The aging Italian beauty.
The Maserati GranTurismo debuted 11 years ago in 2008, and it’s still on the market, albeit with a few updates. We recently spent time with the GranTurismo MC Convertible, a nearly $200,000 droptop version of the GT that’s attempting to stay relevant among a group of younger, more updated competitors.
While the Maserati still has undeniable sex appeal and an ability to turn heads, the beauty does not extend beyond the surface. Even with its wonderful V8 soundtrack, the rest of the powertrain is a total letdown – especially the clunky six-speed transmission. Long story short, this Maserati is ready for retirement.
There’s no denying that this Maserati’s single greatest attribute lives beneath the hood. In today’s world of rampant turbocharging and cylinder downsizing, there’s something so unapologetically romantic about the sound of a naturally aspirated Italian V8. The 4.7-liter mill puts out 454 horsepower, which sends the GranTurismo to 60 miles per hour in a relatively unimpressive 4.8 seconds, which is bested by just about every other sports car in the segment. Though, the Maserati screams and shouts all the way there. Put the car in Sport mode and the noise becomes good enough to almost forget the other shortcomings. Almost.
We spent most of our time with the Maserati cruising through South Florida in prime convertible weather. Even in the presence of Lamborghinis, Bentleys, and the occasional hypercar, the Maserati attracted an impressive number of cell phone cameras. Give some credit to the shimmering Bianco Birdcage white paint (a $10,500 option), or just the car’s silky smooth body lines. Either way, even after the GranTurismo’s 11th birthday, it still draws attention as good as any of its competition.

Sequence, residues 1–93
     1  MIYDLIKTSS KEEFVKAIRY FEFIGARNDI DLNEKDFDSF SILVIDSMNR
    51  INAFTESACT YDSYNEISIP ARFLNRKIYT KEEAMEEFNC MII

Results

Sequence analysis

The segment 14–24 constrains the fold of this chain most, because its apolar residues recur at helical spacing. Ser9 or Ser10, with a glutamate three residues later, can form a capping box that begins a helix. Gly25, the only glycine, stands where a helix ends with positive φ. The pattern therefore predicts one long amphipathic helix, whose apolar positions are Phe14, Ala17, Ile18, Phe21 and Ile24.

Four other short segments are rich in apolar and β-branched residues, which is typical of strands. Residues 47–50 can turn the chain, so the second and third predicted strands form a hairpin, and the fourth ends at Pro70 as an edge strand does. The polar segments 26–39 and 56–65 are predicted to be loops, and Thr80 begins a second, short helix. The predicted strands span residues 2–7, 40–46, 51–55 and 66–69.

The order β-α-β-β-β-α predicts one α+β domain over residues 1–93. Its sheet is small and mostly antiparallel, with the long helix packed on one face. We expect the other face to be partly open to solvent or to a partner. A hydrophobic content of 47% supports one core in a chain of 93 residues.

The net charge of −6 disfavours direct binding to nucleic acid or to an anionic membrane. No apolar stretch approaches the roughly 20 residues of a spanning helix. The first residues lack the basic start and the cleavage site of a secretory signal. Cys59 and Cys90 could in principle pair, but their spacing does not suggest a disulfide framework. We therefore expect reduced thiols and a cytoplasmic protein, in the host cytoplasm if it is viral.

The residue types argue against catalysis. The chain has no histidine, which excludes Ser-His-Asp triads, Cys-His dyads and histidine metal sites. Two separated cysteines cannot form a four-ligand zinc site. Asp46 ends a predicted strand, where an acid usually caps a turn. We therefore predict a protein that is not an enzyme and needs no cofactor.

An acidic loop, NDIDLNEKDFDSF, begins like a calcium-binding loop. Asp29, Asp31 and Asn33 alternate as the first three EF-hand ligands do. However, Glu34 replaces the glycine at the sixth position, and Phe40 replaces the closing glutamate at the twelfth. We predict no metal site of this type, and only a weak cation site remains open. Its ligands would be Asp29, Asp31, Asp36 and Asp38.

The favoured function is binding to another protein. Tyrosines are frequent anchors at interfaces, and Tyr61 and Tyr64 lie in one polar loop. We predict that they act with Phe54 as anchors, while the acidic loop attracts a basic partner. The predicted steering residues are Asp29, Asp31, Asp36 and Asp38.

Though the GranTurismo’s interior feels about as antiquated as your grandmother’s living room, there is one detail worth applauding: the fantastic leatherwork. Our test car wore in-your-face bright red leather on the seats and door panels. It looks, feels, and – honestly – smells fantastic. Especially with the top down, the well-dressed interior is on display for all to see. If you opt for the soft-top version, the red leather is a must-have.
One of the GranTurismo’s most glaring issues is its chassis. Especially in soft-top form, the structural rigidity is nothing short of appalling. Around corners and over bumps, the Maserati creaks and shakes like it was built in a backyard. Though we haven’t sampled the coupe version lately to compare, this convertible is woeful when it comes to chassis strength, and the driving experience is worse because of it.
Set aside the epic leather in the GranTurismo and what you’re left with is an interior that would struggle to impress at $50,000, let alone four times that. There’s an 8.4-inch center display with a version of FCA’s Uconnect software, however, it proved more of a burden than a benefit. The screen froze regularly, even shutting off completely on more than one occasion. There isn’t a digital gauge cluster or head-up display to help, either. The Maserati throws things way back with its interior, but not in a way that is charming or refreshing. It’s the single biggest reason to make you think, “is this worth the money?”
Speaking of money, this GranTurismo MC Convertible stickers at $197,012, which is $32,032 more than the car’s $164,980 starting price. This eclipses the Mercedes S560 Convertible’s starting price by more than 30 grand and the BMW M850i Convertible’s by more than 40 grand. Both of those competitors offer better technology, a more engaging driving experience, and equally-engaging styling. Simply put, the Maserati offers little beyond its good looks, especially considering the money that it commands.